CLPR | Trans Law Quarterly | Issue III & IV











It has been a year since the first Lockdown in March 2020 to prevent the spread of COVID-19. Yet things seem far from over, not just with this virus but that we still continue to suffer the effects of those months we were isolated and distanced – not just in our well being but in our capacities to gather, to protest, to create the world we need to live in.

We notice that change in policy isn’t driven just by litigants but more proactively by state governments and other public institutions. Madhya Pradesh has a statewide policy for trans persons, Kerala wants to support trans persons’ access to gender affirmative medical procedures and wants to make government forms inclusive, the Delhi government wants to make more bathrooms for trans persons and Gujarat has made a shelter home for trans persons.

This isn’t just consciousness state institutions have arrived at on their own. In each of these states with trans-affirmative policies, there are many, many trans activists organising and mobilising and even more trans persons going to offices and institutions unwilling to bargain their rights. In every application filed for a right, trans persons, no matter whether they get it then or not, have made it possible for all of us. In merely showing up trans persons make a more liveable and democratic world for others.

And, it will be this work that we will continue to do. The unglamorous work of keeping these institutions on their toes, holding them to their promises, and pushing them to do more. We need to see that shelter homes don’t become spaces of incarceration, that bathrooms do not continue caste oppressive practices, that state governments commit to the horizontal reservation, that those who are being hired as constables and metro staff are offered protection and dignity at their workplaces.

This work means listening to other workers and colleagues, building intimacies and coalitions with other communities struggling for their dignity, and protecting each voice that refuses to be satisfied with big announcements and continues to demand the impossible. The only way through when we are tired is to work together.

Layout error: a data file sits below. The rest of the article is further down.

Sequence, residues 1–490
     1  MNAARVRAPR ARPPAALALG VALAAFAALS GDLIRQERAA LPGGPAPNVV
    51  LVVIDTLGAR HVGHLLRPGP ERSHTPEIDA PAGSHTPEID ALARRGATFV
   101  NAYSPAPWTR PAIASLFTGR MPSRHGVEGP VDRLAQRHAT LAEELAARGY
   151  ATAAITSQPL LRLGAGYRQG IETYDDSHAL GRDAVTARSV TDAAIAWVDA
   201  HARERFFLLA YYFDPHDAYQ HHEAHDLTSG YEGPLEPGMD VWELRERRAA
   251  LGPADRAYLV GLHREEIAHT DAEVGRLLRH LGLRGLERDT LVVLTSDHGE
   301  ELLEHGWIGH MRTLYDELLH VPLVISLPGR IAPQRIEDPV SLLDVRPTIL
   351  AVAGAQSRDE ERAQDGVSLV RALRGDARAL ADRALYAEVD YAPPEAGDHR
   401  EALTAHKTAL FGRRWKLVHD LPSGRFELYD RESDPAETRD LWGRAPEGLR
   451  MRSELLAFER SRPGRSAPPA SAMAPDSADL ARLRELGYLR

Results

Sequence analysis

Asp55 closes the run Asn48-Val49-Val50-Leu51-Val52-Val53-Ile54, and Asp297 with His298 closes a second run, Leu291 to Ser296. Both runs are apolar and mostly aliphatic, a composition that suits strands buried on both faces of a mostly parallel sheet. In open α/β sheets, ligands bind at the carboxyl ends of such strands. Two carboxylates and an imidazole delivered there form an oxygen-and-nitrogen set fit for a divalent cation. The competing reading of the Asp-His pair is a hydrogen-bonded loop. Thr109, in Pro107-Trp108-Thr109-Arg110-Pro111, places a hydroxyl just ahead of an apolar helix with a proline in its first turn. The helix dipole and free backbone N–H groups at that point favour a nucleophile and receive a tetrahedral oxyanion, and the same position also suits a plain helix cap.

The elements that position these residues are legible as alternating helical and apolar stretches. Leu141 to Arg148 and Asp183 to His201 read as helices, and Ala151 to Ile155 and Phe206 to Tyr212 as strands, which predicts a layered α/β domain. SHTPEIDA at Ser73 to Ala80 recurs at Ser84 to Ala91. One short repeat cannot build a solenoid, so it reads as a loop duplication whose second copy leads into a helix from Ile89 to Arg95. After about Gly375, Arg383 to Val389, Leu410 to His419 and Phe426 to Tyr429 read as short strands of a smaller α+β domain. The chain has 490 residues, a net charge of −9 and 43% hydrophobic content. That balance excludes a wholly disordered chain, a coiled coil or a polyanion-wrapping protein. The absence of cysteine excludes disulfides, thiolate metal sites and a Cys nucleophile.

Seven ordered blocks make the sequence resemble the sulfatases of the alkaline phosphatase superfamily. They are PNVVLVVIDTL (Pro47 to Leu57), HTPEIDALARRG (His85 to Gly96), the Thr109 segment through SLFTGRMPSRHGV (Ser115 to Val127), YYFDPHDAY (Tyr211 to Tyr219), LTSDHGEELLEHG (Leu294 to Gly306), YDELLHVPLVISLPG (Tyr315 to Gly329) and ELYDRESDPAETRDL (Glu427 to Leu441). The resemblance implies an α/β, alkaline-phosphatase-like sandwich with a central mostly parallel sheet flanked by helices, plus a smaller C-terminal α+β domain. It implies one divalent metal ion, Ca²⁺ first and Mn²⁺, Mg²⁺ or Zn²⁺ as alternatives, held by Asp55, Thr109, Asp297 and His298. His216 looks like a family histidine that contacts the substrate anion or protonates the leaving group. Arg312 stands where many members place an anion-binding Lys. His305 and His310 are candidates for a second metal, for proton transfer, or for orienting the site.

The Transgender Persons (Protection of Rights) Rules, 2020
In our previous issues, we discussed the Draft of ‘The Transgender Persons (Protection of Rights) Rules, 2020 which was released by the Ministry of Social Justice and Empowerment on April 18th, 2020, and again in August 2020. The Rules, after partially taking into consideration the comments submitted, were finally notified on September 25th, 2020. The notification of the Rules has operationalized the highly protested Transgender Persons (Protection of Rights) Act, 2019.

Assam becomes the first state to add ‘Transgender’ as a third gender category while applying for State Civil Services Examination
The Union Public Service Commission had announced in June that ‘Transgender’ as a third category shall be available as an option while applying for Civil Services Examination. In September 2020, the Assam Public Service Commission became the first State to bring similar changes in gender categories in the State civil & allied service examination application. As per an addendum released on September 15th, 2020, by the APSC, ‘transgender’ as a category shall be included for the first time for Combined Competitive (Preliminary) Examinations 2020 applications.

Inclusive Governance: Madhya Pradesh Government launches the ‘State Transgender Policy, 2020’
On November 20th, 2020, the Madhya Pradesh government through the Atal Bihari Institute of Good Governance & Policy Analysis (AIGGPA), after stakeholder consultation has released the ‘State Transgender Policy 2020’, which aims to launch various schemes to improve the living conditions of persons from the transgender community. Increasing employment of trans people in government offices, sensitizing officials including police personnel and health workers are some of the many goals the policy aims to achieve. AIGGPA was set up to aid stakeholder discussions and further support their association which will help in creating more inclusive policy formation and better representation and fairer laws for the transgender community.

Ministry of Social Justice & Empowerment launches ‘National Portal for Transgender Persons’
On November 25th, 2020, the Ministry of Social Justice & Empowerment launched the ‘National Portal for Transgender Persons’ – an online portal wherein transgender persons can apply for gender identity certificates. The portal is a gateway allowing persons from the transgender community to upload an affidavit declaring their gender. This affidavit shall further become the basis on which the district magistrate shall issue their identity certificates. The Portal is available here.